Azir Selmani

He had been the first Muslim to embrace the spirituality of the Focolare Movement (May 9, 1947 – April 17, 2016)

AZIR SELMANI“A man of great moral stature and exceptional culture: it was a pleasure to have known him!” Countless comments like this have been arriving from around the world ever since his death, from people expressing gratitude and testifying that every encounter with Azir was a “moment of God”.

A native of Kosovo, a teacher, husband and father of three children, Azir Selmani  was the first Muslim to embrace the Focolare Movement in Skopje, Macedonia where he had gone to live because of political reasons.

Azir himself recounts: “In 1990 I had a class full of Muslims, only one student was Catholic and I felt like I had to protect him. To show their gratitude his parents invited me to be their guests the Mariapolis in Slovenia. Among those people I began to ask, who are these people? I tried to open my heart a little more, and love slowly changed me. On the last day [of the Mariapolis] I mustered up the courage to stand in front of a hall filled with 300 people and admit that through them I had encountered love, the One God, the All-Powerful! In God’s light I saw all the failures of my past. I was sorry for all those generations of students to whom I had explained that the greatest power in the world was the atomic power; whereas, now I was convinced that the greatest power is love. Little by little a new life began to open before me. I began to read the Koran and to know God. I tried to convey my experience to colleagues and friends, and quite soon there were twenty of us Muslims who wanted to follow the Movement.”

Azir opened his home for for Focolare gatherings and was always open to dialogue and sharing his testimony. He would always offer to translate Chiara Lubich’s writings for the Albanians. Touched by the witness of Azir and his wife, Bejije, couples who were having relationship problems would turn to them and Azir and his wife would accompany them along the path of reconciliation with gentleness and wisdom.

Azir con Papa FrancescoAzir and Behije took part in several Focolare interreligious gatherings both locally in their own country and also at the international level. Through these meetings Azir formed relationships of unity and friendship with people from around the world. He met Chiara personally in Rome, and shared his deepest sentiments with her. His letters always began with the words: “Dearest Mamma, freely and joyfully I write to you   . . . I can never thank you enough. . . In one of those letters he confides to her: “during last Ramadan I did a close reading of the Koran and the Gospel. I’m more and more convinced that Islam and Christianity hide a common treasure that still needs to be discovered through our goodwill and our love.” In 2007 he responded immediately to the invitation from Chiara to make a pact of mutual love with her and with all the Muslims of the Movement, “so that we can be able to experience,” as Lubich wished they would, “God present amongst us. It is God who will bring us along the path of unity.”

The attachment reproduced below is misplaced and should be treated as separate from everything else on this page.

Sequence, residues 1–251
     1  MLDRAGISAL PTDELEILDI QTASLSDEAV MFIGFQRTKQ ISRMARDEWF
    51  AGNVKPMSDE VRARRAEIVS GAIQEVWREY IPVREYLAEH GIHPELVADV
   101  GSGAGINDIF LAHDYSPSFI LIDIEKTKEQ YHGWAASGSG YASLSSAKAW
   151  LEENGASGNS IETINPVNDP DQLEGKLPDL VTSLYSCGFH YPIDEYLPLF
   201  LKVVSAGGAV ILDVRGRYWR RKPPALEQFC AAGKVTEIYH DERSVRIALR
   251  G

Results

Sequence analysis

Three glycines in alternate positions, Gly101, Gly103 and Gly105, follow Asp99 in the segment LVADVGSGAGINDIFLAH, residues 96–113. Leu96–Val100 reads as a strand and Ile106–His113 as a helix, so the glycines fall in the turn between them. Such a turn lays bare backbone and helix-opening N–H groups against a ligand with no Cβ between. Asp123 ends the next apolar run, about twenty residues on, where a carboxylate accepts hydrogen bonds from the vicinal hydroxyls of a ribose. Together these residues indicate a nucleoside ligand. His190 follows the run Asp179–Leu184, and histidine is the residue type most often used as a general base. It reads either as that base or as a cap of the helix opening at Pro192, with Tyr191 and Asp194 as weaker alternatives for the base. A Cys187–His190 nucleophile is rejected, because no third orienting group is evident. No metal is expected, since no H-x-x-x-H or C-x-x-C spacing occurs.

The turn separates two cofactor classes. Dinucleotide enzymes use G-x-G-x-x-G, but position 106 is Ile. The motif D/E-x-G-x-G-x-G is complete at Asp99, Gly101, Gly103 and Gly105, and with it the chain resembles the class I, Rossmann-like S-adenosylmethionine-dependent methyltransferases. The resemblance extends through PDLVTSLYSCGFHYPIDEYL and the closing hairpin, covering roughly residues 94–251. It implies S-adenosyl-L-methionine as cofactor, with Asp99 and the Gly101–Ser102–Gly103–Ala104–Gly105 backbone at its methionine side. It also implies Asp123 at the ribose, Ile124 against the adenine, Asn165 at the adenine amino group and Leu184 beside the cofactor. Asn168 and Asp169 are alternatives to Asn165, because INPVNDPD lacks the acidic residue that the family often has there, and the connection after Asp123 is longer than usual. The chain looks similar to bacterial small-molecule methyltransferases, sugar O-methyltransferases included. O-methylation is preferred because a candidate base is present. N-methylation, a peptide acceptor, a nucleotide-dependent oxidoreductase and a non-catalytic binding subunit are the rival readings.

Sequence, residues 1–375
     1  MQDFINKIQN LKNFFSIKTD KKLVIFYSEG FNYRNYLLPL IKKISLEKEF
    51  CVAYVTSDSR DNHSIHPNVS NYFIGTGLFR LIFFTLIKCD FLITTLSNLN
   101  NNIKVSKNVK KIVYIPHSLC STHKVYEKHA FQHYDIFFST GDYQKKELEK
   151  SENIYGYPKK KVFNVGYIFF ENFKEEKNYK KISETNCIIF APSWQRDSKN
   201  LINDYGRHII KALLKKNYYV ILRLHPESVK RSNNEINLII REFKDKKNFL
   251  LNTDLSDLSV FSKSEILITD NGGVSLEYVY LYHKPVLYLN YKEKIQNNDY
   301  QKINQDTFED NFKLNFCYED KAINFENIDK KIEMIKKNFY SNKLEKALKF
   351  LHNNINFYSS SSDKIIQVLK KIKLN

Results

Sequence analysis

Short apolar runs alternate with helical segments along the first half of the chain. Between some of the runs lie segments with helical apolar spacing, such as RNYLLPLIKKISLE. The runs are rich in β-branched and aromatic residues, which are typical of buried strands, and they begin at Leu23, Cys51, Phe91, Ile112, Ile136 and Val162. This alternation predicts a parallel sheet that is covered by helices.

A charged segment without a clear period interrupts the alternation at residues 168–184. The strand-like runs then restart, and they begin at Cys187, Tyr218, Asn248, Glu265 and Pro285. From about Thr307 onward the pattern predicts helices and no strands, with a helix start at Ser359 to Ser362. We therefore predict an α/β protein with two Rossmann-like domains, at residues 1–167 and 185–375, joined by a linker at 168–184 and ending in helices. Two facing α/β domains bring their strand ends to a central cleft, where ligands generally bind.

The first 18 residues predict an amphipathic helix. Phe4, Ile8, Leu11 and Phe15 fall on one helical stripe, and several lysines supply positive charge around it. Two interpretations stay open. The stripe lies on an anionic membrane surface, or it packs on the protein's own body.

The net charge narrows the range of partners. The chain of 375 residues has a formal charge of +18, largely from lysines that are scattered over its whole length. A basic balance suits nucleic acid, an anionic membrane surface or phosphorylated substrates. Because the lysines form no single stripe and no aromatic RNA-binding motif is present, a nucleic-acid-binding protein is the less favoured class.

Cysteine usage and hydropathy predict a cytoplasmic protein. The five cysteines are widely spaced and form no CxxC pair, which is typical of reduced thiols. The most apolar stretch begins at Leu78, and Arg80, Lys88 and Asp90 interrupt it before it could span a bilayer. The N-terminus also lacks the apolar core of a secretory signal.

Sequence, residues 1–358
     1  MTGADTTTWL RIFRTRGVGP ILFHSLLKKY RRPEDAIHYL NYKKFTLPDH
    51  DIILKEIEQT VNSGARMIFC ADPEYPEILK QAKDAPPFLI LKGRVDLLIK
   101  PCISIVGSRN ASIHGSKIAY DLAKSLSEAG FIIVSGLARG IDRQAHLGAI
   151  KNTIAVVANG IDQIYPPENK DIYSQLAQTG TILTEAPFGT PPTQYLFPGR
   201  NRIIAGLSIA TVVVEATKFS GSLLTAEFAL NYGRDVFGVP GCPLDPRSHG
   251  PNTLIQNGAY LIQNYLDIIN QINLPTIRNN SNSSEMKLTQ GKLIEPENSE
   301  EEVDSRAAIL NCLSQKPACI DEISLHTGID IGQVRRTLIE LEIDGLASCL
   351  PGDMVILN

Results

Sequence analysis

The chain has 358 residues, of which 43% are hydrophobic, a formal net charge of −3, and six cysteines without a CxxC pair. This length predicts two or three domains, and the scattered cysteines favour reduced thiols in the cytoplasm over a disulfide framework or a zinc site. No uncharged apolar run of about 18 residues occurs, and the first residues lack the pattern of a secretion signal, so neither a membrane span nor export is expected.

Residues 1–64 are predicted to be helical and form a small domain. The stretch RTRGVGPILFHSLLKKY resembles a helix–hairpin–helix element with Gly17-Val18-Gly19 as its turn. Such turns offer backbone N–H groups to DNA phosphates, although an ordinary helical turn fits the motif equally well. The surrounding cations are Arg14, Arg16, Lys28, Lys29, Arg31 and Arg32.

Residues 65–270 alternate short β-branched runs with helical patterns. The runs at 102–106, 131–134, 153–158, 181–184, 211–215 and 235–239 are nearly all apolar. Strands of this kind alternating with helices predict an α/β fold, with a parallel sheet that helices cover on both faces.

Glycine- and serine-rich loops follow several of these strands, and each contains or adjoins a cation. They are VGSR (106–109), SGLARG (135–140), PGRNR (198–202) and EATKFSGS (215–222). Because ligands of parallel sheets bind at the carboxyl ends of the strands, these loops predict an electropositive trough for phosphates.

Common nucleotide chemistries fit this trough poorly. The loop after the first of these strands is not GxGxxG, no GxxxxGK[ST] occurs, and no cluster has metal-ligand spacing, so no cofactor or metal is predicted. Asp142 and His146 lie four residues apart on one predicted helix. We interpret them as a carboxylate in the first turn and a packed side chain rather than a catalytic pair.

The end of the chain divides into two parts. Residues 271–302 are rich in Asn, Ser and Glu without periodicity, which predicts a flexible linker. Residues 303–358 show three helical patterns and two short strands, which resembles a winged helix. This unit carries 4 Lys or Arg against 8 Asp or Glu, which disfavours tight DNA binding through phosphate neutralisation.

Seeing the effects of the courageous and enriching communion that is practiced in the Movement, Azir testifies: “I can say that Chiara’s dream is becoming a reality.” He never contented himself with mediocrity and diversity never frightened him. On the contrary, he always wanted to face it, convinced that he would find seeds of the Truth everywhere. At one 2014 symposium in Rome, Azir managed to greet Pope Francis personally: “My dream in life just came true!” he happily remarked.

For the last six months of his life Azir battled the illness and never wavered in living for unity. And living up to his exquisite sensitivity to others, he never once refused a visitor and every visit turned out to be a most sacred moment. He was a true seeker of Freedom, the Essential, the Eternal, the Truth, and his words on these universal values will remain forever in the hearts of his listeners.

This “master of dialogue”, of deep insight and broad horizons, with the soul of a poet has left us many letters, writings, poems about mercy, Mary of Nazareth in Islam and about Islam’s contact points with Christianity. 



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